Editor of home renovation and design platform Victoria Harrison speaks with DIY Week to shed light on the emerging home interior trends for 2018.

Eclectic traveller “Today’s homeowner really knows how to mix and match different design elements in their homes, and the cut and paste ‘looks’ of the past are being replaced with a carefully curated mix of items from a range of sources. In the Houzz of 2018 that could be a wall hanging from a recent holiday, or a woven basket from a local artisan market, happily sitting alongside a locally- sourced piece of furniture. The key to pulling off this look is confidence, creativity and a sense of fun.”

Botanicals and houseplants

“Houseplants have taken over our interiors at a rampant pace over the past few seasons and, in recent months, they’ve also started to wind their tendrils onto wallpapers and fabrics too. These botanical patterns owe little to the tropical craze of past seasons and everything to the delicate botanical prints of the Victorian era. Think trailing ivy, intricate ferns and detailed leaves in all shades of green, from rich emeralds to soft moss tones. The houseplant craze is one that looks set to stay too, with the search term ‘houseplants’ spiking in popularity on Houzz in 2017. For the past couple of years, homeowners have been enthusiastically embracing these leafy powerhouses for their soothing and air-cleansing properties as well as their design-friendly forms, and celebrating all things botanical, from fiddle leaf figs to Swiss cheese plants.”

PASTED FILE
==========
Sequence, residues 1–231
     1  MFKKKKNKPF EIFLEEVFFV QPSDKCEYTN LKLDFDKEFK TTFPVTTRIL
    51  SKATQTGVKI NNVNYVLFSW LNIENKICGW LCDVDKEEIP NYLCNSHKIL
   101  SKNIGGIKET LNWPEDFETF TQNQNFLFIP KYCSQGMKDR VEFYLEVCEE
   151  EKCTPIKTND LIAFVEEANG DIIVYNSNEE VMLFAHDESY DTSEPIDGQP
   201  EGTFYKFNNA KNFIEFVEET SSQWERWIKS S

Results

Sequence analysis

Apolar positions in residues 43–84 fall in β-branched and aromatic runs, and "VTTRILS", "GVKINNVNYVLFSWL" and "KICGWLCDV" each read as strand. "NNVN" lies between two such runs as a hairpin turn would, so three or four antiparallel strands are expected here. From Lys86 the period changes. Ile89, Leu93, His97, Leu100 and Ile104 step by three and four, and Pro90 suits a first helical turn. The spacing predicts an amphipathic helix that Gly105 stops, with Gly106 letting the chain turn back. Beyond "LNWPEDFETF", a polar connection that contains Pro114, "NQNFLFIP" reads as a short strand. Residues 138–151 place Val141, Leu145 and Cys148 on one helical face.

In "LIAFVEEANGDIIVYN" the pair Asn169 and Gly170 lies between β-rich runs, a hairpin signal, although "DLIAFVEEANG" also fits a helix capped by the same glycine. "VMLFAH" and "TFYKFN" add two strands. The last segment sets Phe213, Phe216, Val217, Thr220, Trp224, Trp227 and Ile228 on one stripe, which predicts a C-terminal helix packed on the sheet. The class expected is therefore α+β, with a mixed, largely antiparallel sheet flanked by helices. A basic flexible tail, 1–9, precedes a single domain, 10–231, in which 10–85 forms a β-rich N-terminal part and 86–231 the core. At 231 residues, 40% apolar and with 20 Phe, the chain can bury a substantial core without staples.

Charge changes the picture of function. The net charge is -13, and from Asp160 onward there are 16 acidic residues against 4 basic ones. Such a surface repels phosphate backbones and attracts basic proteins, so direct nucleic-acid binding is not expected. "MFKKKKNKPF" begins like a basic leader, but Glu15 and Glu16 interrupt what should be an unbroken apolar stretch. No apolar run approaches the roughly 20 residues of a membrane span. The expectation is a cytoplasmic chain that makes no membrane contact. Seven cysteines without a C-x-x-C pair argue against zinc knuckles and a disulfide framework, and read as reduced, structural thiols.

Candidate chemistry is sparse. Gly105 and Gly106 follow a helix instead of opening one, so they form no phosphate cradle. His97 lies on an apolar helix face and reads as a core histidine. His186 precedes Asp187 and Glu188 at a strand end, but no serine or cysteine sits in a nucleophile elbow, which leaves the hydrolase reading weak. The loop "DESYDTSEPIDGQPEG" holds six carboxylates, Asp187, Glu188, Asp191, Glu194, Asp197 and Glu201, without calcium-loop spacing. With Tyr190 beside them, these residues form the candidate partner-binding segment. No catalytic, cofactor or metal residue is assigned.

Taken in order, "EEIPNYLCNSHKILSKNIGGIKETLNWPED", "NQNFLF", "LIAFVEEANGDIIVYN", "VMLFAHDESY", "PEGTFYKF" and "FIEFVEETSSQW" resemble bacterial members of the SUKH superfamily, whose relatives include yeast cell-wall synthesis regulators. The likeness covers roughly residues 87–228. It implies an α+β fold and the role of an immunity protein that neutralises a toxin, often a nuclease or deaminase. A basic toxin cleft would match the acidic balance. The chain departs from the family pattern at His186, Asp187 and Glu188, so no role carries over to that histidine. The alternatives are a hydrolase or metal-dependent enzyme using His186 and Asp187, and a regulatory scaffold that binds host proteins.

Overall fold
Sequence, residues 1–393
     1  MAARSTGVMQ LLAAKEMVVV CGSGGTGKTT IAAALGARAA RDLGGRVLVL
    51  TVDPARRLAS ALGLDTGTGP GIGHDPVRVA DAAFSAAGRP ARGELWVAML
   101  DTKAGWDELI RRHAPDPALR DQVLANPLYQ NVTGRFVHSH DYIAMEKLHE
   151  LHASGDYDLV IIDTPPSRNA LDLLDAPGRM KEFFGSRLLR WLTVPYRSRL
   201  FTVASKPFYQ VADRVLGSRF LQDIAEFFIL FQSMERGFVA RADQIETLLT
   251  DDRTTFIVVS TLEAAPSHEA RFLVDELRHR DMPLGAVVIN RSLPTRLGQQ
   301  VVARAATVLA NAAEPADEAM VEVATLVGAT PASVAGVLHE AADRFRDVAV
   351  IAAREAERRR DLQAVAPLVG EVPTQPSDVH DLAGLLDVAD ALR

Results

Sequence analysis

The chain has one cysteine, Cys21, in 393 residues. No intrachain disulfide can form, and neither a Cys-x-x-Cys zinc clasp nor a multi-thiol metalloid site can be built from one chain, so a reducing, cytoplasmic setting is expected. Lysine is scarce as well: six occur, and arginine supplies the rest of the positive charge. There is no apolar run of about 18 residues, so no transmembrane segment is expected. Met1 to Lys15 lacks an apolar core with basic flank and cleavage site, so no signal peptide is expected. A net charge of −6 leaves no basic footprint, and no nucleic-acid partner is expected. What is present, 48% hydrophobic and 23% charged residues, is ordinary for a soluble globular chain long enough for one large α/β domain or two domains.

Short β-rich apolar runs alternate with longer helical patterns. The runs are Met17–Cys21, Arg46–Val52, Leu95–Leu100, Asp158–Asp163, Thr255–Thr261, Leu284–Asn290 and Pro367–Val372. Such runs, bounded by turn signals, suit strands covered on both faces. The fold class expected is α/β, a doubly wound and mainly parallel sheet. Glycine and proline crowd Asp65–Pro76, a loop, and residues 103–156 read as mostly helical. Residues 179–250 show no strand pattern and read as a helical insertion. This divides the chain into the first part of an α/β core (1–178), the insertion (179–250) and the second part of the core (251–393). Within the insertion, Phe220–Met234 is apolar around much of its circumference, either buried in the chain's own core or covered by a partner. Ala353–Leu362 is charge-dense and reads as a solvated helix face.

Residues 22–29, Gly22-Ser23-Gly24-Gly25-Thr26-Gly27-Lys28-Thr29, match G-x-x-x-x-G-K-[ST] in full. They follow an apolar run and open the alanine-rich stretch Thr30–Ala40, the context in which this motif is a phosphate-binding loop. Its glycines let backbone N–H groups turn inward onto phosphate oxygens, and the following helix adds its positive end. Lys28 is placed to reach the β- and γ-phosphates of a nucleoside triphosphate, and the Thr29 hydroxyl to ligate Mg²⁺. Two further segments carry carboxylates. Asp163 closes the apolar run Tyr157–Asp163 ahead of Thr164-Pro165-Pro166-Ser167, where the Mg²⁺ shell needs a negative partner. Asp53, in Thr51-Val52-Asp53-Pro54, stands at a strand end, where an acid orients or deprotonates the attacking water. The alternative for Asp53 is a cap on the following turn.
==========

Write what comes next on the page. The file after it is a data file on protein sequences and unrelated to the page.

20 DIY WEEK 9 MARCH 2018

Green tones “Dark green has been a slow-burn trend for a while (we reported on the demand for dark-green kitchens back in January 2017) but deep, rich shades of forest green have really gathered speed and all shades of green are firmly on the map for 2018 – from jewel-bright emeralds to mossy woodland tones. The combination of dark green and velvet upholstery is also emerging as a trend, and this also taps into into the resurgence of Art Deco style, particularly when teamed with mid- or dark-toned wood and slivers of gold accents.”

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